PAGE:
Mysore Zoo

Coordinates: 12°18′03″N 76°40′04″E / 12.3008°N 76.6677°E / 12.3008; 76.6677
From Wikipedia, the free encyclopedia

Mysore Zoo
Entrance of Mysore Zoo
12°18′03″N 76°40′04″E / 12.3008°N 76.6677°E / 12.3008; 76.6677
Date opened1892[1]
LocationMysore, India
Land area157 acres (64 ha)[2] + 113 acre
No. of animals1320
MembershipsCZA[3] / WAZA/ ZAK
Giraffes at the zoo
Two Bengal Tigers in an enclosure

Mysore Zoo (or Mysuru Zoo),[4] officially known as Sri Chamarajendra Zoological Gardens, is a composite of zoological gardens and animal park located in the southern Indian city of Mysore, Karnataka. Stretching across a 157-acre (64 ha)-expanse and situated at about 700 metres (0.43 miles) from Mysore Palace, it is the oldest zoo in India and one of the oldest in the world.[5] One of the most popular zoos in India and one of the city's most popular attractions, it is home to a wide range of over 168 species.


Mysore Zoo was created from the private menagerie of Chamaraja Wadiyar X, the twenty-third Maharaja of Mysore. in 1892, on 10 acres (4.0 ha) of the Summer Palace. Over the next 10 years, the zoo was expanded to 45 acres (18 ha) with spacious enclosures that are still in use.[2]

Chamaraja Wadiyar X, the founder of the zoological gardens

Originally called the Palace Zoo, it was renamed "Chamarajendra Zoological Gardens" in 1909. A.C. Hughes, from South Wales, was the zoo's first superintendent, serving from 1892 to 1924. Hughes, Sir Mirza Ismail, and G.H. Krumbiegel worked towards refashioning the zoo and updating it with modern, natural enclosures. It now features a bandstand and an artificial lake.

In 1948, management of the zoo was devolved to the Department of Parks and Gardens, Government of Mysore. The zoo was expanded first with another 50 acres (20 ha), and then another 150 acres (61 ha) with the acquisition of the Karanji Tank, in which an artificial island has been created as a sanctuary for birds.[2] In 1972, the zoo was entrusted the Forest Department and later in 1979 to the Zoo Authority of Karnataka, the first autonomous organisation in India to manage a zoo.[2]

The zoo had completed 100 years in 1992. The centenary celebrations were held in 1990 and 91. During the centenary celebrations various developmental activities were initiated such as renovation and modification of the entrance gate, hospital building, walkthrough reptiles, etc. A bust of Chamaraja Wadiyar X was unveiled. The logo of the zoo, centenary souvenir, publication of literature and leaflets, conducting various competitions, preparation of a documentary film were other highlights.[2][6]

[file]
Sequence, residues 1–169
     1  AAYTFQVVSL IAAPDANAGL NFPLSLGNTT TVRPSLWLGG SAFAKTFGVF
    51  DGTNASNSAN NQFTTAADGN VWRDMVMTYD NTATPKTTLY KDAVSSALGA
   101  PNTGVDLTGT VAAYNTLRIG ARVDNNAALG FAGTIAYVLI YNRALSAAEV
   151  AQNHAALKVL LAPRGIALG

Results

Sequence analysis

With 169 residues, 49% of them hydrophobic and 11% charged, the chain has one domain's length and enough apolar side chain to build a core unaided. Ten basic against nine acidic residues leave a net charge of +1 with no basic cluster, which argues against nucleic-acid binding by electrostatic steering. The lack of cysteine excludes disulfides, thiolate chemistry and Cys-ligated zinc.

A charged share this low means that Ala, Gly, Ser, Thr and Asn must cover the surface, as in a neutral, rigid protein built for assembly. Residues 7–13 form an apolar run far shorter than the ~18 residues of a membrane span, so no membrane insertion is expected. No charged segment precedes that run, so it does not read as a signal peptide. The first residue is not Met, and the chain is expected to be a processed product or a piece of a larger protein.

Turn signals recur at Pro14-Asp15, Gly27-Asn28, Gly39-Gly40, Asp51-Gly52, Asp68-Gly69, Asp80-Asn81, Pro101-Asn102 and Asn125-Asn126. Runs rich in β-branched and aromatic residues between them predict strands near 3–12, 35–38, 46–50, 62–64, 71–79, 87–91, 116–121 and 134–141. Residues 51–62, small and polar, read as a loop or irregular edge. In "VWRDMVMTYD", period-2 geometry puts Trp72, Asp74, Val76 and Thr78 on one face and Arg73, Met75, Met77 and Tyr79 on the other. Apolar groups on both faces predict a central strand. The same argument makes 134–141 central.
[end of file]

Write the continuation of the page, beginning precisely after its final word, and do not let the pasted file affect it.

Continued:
The objectives of Mysore Zoo are as under:

  • Conservation education
  • Conservation breeding
  • Research, documentation and study
  • Rescue and rehabilitation of the wild animals and birds
  • Recreation and education for general visitors, tourist & locals[7]

Animal inventory[edit]

Consolidated Animal Inventory Report for the Month of October 2019[8]
Schedule I and II Male Female Undetermined Total
Mammals 124 116 38 278
Birds 16 23 8 47
Reptiles 15 15 10 40
Total 155 154 56 365
Other Schedule Species
Mammals 93 82 44 219
Birds 99 103 72 274
Reptiles 9 10 23 42
Total 201 195 139 535
Exotic species
Mammals 32 28 5 65
Birds 97 125 205 427
Reptiles 6 12 3 21
Total 135 165 213 513
Grand Total
Mammals 249 226 87 562
Birds 212 251 285 748
Reptiles 30 37 36 103
Total 491 514 408 1413

Management and lands holdings[edit]

While mainly depending on entry fees for its financing, an adoption scheme introduced in the early 2000s has been a success. Celebrities, institutions, animal lovers and volunteers of various clubs in the zoo have contributed directly to the welfare of the zoo inhabitants.

Lands under the control of Mysore Zoo[edit]

  • Sri Chamarajendra Zoological Gardens, Mysore.
  • Karanji Lake Nature Park, Mysore.
  • Chamundi Conservation and Rehabilitation Center, Kurugahalli, Mysore.[2]

Peak seasons[edit]

Karanji Lake[edit]

The Karanji Lake which covers 77.02 acres is located on the eastern side of the zoo. The Chamundi Hills acts as catchment and provides a dramatic backdrop.